He's in this relationship with Jackie now, which is a really meaningful thing for him, but hanging over both of them is the fact that they're both about to turn eighteen. They're both about to become adults, Jackie before him, and they know that when they become adults, we know, that magic slips away. You forget what you've seen. He becomes very, very obsessed with the idea that losing magic, losing these memories, will mean losing everything that's good about his life now. He wants to protect Jackie, and he wants to find a way to keep her in his life. He feels like if she loses magic, in a way, she'll be lost to him too.

And she has kind of a different perspective. As the show goes on, she starts to feel like maybe it's natural to forget; maybe it's part of growing up. Maybe there's a reason why you forget. The tension between them on that, and that storm cloud in general, become really, really important to Tyler in season two.

DARBY STANCHFIELD:
  
So, for Nina Locke, she meets a new man in season two of Locke and Key, and his name's Josh Bennett, and he is a teacher at Matheson school.

What I love about this season and this relationship for Nina Locke is that it's not really oversimplified where Nina lets go of her grief of her dead husband Rendell Locke and then just meets a new guy, and it's all is forgotten. The grief continues on; it's sort of threaded in there.

Josh Bennett has also lost his wife to a sudden death experience, and so they have that in common. That's one thing that bonds them and something I really had fun [with]. It was challenging to sort of weave that web of Nina being excited about this new relationship, this new possibility in her life, and having gone through some healing of grief, but also, it's still lingering and a part of who she is. So, that's really what that looks like in the season.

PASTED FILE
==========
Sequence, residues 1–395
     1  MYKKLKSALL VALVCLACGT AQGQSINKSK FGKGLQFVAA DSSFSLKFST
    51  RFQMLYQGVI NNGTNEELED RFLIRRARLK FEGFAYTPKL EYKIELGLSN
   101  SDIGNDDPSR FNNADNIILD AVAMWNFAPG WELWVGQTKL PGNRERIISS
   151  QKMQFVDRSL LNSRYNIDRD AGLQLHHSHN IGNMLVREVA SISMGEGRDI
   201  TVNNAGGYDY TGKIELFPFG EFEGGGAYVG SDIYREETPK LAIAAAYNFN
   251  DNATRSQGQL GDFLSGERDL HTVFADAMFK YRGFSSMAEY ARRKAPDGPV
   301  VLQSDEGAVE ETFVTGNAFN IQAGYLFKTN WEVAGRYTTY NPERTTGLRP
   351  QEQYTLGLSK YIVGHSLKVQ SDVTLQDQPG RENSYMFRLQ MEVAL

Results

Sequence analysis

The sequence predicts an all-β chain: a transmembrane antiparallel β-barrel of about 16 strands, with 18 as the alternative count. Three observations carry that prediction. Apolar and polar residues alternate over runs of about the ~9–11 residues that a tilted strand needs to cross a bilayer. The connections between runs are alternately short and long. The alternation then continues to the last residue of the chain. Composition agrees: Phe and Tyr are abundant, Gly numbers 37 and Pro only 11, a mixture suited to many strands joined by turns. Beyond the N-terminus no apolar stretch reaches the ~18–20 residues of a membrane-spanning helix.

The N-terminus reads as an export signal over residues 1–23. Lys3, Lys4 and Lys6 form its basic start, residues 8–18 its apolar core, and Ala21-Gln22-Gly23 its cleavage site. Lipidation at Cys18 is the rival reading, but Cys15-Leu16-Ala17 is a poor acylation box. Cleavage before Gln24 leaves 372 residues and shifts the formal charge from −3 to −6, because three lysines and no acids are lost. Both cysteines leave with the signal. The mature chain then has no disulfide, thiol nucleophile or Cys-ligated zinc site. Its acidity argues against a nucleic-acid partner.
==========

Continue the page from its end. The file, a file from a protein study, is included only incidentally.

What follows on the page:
QUESTION:   This is for Darby. Your character really doesn't get into the magic of the series, but your character got a nice introduction at the end of season two. How does it feel to finally get into that supernatural aspect of the story, and now that season three has been green-lit, do you hope that your character will get more into the magic of the keys?

DARBY STANCHFIELD:   Yes, well, Nina has interacted with magic in season one, going into that mirror, or when she gets drunk and she interacts with the mending cabinet, but you're right; she forgets it. What we see is something quite special at the end of season two. I won't spoil it and say what it is, but she gets an even more intense experience. We're left in the cliffhanger [with], will she remember it or not? Is it just going to fall away like the other experiences? Will this somehow make her different?

It was so fun to play. I really enjoyed what they wrote for Nina Locke, and I enjoyed this story very much.

We have already shot season three. [laughs] So, I know the answer, but I can't say, but that question is really the million-dollar question at the end of the show, “What's Nina Locke's fate after she's sort of introduced in a bigger way into this world of magic?” We all want to know. [laughs]

QUESTION:   Connor, we saw [your character] driving away off into the sunset, so can you tease us anything about what's gonna happen in season three with your character?

CONNOR JESSUP:   I'm in season three, so I can tease that. I’m present…I mean, Tyler's entering a new phase of his life, but I don't think it feels like a conclusion. He still very much has a lot to work through. So, his story and his relationship with these keys are not over yet.

QUESTION:   I [don’t think it’s] a spoiler to say, because it's also in the trailers, but making keys is becoming a huge mythological element for this series, and I wanted to ask both of you, if either of you had the ability to make your own key in real life, what would that key be?

CONNOR JESSUP:   You would think I would have an answer to this one. Do you have something that leaps to mind Darby?

DARBY STANCHFIELD:   Wow. This is a really good question. I don't think we've been asked this before. Probably the first thing that comes to mind is maybe something like a global warming key that I could make that I could just put it up in the sky, a keyhole would open up, and I could just take all the carbon out of it. [laughs]